Wednesday, January 30, 2008

More Training Tips for Floyd Mayweather

Mayweather-Mosley fight
Before we looked at how Floyd Mayweather prepared for his knockout of Ricky Hatton, and now we've got tips on to train for knocking out overhyped bums in our own neighborhoods. Seriously, speaking in a Men's Health interview, Mayweather gives us some serious workout advice here are some cliff notes of the article:

Hard Hitting Advice from Mayweather

1. On Sharing Your Wealth--And Health

I don't drink or smoke, but I do buy a lot of champagne for my friends when it's a special occasion. We've gotta keep them healthy, so only when it's a special occasion.

2. On Carving Million-Dollar Abs
I take pride in staying healthy and eating right. I don't care how much money you have if you wake up every morning and can't see your [penis]. You need to get that weight off.

3. On Outhustling Your Competiton
I do my homework on every opponent that I fight. I know that if my opponents run 5 miles every day, I have to run 7 miles. And when they up it to 7, I'm going to take it to 9.

4. On Surrounding Yourself With Talent
Oscar [De La Hoya] has a lot more paper than I've got, but he's cheap. I pay my sparring partners well. It costs to have a good team, and every time I've fought, I've gotten good results. You pay for what you get.

5. On Learning From Losses
As an amateur, I was 84 and 6. I lost six fights by one point. But that was just a learning experience. Once I got to the professional level, I wasn't going to take an "L."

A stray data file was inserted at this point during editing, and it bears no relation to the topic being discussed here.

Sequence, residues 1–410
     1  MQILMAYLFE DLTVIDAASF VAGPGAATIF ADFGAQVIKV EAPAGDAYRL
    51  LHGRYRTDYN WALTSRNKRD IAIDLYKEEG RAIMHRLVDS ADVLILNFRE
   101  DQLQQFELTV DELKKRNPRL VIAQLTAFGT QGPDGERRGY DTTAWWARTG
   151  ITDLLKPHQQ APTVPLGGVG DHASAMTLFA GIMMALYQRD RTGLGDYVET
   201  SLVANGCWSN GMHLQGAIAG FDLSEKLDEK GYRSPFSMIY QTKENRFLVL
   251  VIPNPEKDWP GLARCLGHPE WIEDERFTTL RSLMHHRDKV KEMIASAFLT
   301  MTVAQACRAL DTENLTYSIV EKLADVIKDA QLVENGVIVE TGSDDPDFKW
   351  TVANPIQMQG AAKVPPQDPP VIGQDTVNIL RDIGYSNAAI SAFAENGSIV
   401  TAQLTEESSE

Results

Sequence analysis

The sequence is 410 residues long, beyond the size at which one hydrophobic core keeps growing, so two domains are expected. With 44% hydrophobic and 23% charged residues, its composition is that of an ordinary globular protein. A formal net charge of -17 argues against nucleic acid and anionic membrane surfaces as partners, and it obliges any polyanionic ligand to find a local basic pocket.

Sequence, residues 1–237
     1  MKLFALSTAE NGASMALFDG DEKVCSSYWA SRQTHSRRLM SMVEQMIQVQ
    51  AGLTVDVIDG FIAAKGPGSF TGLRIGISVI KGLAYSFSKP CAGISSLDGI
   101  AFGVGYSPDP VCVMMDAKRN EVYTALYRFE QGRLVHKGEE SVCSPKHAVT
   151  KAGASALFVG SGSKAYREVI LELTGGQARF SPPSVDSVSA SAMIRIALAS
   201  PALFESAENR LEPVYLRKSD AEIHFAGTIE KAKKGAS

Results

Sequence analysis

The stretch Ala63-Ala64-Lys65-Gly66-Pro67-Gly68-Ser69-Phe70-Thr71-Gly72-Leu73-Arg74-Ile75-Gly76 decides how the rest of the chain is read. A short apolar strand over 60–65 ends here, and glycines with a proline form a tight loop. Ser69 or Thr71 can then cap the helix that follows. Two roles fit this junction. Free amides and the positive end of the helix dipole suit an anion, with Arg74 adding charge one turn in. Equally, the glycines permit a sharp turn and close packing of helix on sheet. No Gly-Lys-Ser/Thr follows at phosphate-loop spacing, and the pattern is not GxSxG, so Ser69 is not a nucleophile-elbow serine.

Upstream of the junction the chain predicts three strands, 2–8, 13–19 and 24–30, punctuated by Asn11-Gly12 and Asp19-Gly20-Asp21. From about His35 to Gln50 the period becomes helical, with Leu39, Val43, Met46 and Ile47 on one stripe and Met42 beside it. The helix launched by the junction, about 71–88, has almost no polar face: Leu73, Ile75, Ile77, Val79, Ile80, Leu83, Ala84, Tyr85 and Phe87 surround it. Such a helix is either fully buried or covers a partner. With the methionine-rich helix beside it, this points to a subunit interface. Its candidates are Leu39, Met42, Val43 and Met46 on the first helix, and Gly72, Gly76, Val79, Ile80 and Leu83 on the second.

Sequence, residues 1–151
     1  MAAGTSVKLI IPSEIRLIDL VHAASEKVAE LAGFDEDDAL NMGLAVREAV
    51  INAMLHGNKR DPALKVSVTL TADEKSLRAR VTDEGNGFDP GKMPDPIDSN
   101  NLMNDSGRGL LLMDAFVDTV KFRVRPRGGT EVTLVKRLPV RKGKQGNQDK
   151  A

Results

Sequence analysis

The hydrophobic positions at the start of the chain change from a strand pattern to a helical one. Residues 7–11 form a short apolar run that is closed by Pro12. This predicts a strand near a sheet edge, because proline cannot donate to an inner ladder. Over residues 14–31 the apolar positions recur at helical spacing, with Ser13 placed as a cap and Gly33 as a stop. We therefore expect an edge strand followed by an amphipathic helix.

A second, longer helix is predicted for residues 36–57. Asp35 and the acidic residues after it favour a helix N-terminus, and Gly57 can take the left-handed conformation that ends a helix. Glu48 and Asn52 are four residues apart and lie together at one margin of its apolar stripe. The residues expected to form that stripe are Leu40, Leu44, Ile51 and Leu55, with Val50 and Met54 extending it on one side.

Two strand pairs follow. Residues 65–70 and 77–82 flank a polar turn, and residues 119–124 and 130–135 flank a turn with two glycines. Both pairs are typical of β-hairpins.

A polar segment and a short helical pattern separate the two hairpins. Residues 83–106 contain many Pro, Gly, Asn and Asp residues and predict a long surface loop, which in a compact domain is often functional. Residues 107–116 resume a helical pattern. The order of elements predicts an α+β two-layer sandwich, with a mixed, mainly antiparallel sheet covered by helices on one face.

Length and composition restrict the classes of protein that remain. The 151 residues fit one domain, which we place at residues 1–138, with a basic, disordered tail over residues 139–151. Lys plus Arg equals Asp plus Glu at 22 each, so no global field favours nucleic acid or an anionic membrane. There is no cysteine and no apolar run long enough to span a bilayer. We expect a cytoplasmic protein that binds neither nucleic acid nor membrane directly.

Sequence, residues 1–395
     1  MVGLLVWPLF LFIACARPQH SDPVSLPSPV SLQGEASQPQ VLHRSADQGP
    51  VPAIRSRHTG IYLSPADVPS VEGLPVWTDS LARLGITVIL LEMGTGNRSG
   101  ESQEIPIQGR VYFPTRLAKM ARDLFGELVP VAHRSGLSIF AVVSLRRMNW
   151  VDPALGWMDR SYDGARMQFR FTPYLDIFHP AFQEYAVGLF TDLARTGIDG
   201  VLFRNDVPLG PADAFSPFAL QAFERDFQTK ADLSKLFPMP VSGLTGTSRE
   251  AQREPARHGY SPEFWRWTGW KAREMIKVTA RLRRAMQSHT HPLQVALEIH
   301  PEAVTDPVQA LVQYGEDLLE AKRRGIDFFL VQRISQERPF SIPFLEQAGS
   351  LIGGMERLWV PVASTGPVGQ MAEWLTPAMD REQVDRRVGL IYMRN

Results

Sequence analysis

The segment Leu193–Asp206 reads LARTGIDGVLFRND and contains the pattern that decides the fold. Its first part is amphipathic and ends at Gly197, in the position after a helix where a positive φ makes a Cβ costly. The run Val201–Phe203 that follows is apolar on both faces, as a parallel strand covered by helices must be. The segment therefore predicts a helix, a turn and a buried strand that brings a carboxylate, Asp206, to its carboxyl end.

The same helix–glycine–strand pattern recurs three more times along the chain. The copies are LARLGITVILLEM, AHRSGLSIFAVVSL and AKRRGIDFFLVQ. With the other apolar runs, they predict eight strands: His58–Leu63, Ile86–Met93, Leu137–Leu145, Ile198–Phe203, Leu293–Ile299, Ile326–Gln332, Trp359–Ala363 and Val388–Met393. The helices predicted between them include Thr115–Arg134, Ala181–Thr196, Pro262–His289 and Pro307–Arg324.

"Mayweather explodes into a jump-rope routine, tap-dancing as he whips the leather so fast the temperature drops. He swings the rope between his legs, still jumping, like Iverson unleashing a crossover dribble. After a few minutes, he pauses for a sip of hot chocolate--as if to say, This is too easy--and then launches into his next tirade."

"As a result, your body increases energy production and muscle recruitment, says Matthew Rhea, Ph.D., the director of human movement at A.T. Still University, in Arizona. "So when someone else is watching, you push yourself harder than you usually would."

In fact, in a study published in the Journal of Strength and Conditioning Research, Rhea and his colleagues discovered that men are able to bench-press an average of 41 pounds more in front of spectators than when they lift alone. "Both audience and competition improve performance," he says. "If the audience in our study would have been allowed to encourage the lifter, the effect would have been even greater.""

"He hovers within 3 or 4 pounds of his fighting weight at all times by jumping rope, playing basketball, and doing body-weight exercises twice a week. Make no mistake: He trains as hard as any athlete on the planet for 6 weeks before every fight, but the rest of the time, he simply enjoys staying active, a strategy that's kept him within a few hard workouts of his peak condition year-round."

[ Men's Health ]

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